By 2019, Poland’s sewage network reached the length of 165.1 thousand km, and the number of connections to residential buildings increased to a huge 3.5 million. Compared to the previous year, the length of the newly built or reconstructed sewage network increased by approximately 4.4 thousand km with the highest sewage network density observed in śląskie – 132 km per 100 km2.
Joining the EU in 2007 meant stricter environmental standards and regulations were imposed on Bulgaria, resulting in some changes to their water supply status. The total length of the water supply network spans 72,000km with 11 water reservoirs and 9,800 water resources for drinking water. There are also 55 drinking water treatment plants with the total productivity of 480,506.000 m3/annually.
In 2008 there were 15,250 water treatment plants and 17,300 wastewater treatment plants in France.
The wastewater treatment plants produced about one million tons of sludge, half of which is being used in agriculture. The water and sewer network is about 800,000 km long.
Sources: According to the French version of this article at Eau potable en France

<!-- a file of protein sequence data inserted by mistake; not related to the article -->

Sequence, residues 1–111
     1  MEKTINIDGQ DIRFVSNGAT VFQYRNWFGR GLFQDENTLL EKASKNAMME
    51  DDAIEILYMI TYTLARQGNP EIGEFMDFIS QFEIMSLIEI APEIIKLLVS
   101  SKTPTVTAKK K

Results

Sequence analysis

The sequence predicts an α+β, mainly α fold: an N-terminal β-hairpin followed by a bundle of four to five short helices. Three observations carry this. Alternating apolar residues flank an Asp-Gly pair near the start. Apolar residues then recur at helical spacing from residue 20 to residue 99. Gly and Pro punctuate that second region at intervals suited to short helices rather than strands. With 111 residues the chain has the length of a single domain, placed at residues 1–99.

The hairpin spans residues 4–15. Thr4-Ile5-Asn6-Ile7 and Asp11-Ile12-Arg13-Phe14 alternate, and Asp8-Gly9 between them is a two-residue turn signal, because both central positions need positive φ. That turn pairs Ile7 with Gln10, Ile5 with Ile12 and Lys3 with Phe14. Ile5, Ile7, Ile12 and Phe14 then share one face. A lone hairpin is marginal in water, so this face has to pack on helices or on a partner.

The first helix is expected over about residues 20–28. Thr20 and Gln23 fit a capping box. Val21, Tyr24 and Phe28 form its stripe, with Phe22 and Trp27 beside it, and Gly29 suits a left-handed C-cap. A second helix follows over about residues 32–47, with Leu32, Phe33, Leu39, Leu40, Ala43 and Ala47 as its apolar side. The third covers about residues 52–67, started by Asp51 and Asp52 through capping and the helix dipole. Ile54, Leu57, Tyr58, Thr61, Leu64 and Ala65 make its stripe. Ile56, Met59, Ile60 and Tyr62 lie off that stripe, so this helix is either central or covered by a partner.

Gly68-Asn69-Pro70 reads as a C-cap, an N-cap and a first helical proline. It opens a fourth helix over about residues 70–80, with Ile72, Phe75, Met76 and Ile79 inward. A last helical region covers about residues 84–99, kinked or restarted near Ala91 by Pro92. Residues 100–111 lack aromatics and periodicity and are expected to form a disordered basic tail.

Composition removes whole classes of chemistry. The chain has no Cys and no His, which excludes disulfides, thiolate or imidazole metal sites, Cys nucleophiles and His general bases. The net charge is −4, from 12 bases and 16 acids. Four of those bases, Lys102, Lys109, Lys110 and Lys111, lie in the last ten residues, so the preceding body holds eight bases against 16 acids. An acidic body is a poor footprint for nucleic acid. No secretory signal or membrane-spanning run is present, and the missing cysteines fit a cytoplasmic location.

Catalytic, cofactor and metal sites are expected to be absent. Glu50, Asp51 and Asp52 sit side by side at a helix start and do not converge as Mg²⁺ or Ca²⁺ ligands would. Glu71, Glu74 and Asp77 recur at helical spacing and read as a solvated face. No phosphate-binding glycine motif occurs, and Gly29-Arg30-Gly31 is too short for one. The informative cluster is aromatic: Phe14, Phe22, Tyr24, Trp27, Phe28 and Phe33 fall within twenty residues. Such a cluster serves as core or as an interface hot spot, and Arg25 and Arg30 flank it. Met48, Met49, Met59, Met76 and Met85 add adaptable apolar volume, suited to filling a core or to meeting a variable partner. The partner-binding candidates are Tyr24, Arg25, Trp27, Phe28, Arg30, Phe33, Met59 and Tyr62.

France has more than five million private wastewater treatment systems with a water and sewer network of roughly 800,000km in length. In France, every residential zone of more than 2,000 inhabitants has the obligation to have a municipal wastewater treatment plant. As of 2008, there were 17,300 wastewater treatment plants producing around 1 million tonnes of sludge, half of which is used in agriculture.
With its 1500 lakes and countless streams, Switzerland not only benefits from abundant valuable freshwater resources but the quality of their water is considered microbiologically sound from a chemical point of view. This is largely attributed to the comprehensive water protection efforts that have been made in the last few decades, high-quality raw water resources and sophisticated water treatment processes rarely required by other countries.
Around 750 large-scale and 3500 small-scale sewage treatment plants and 90,000 km of sewage pipes ensure almost complete coverage for the removal and comprehensive treatment of wastewater.
Irish Water operates a network of wastewater treatment plants where over a billion litres of wastewater is collected every day in approximately 30,000 kilometres of sewers. This is treated at one of the 1,100 wastewater treatment plants available across Ireland and then discharged into rivers, lakes and coastal waters.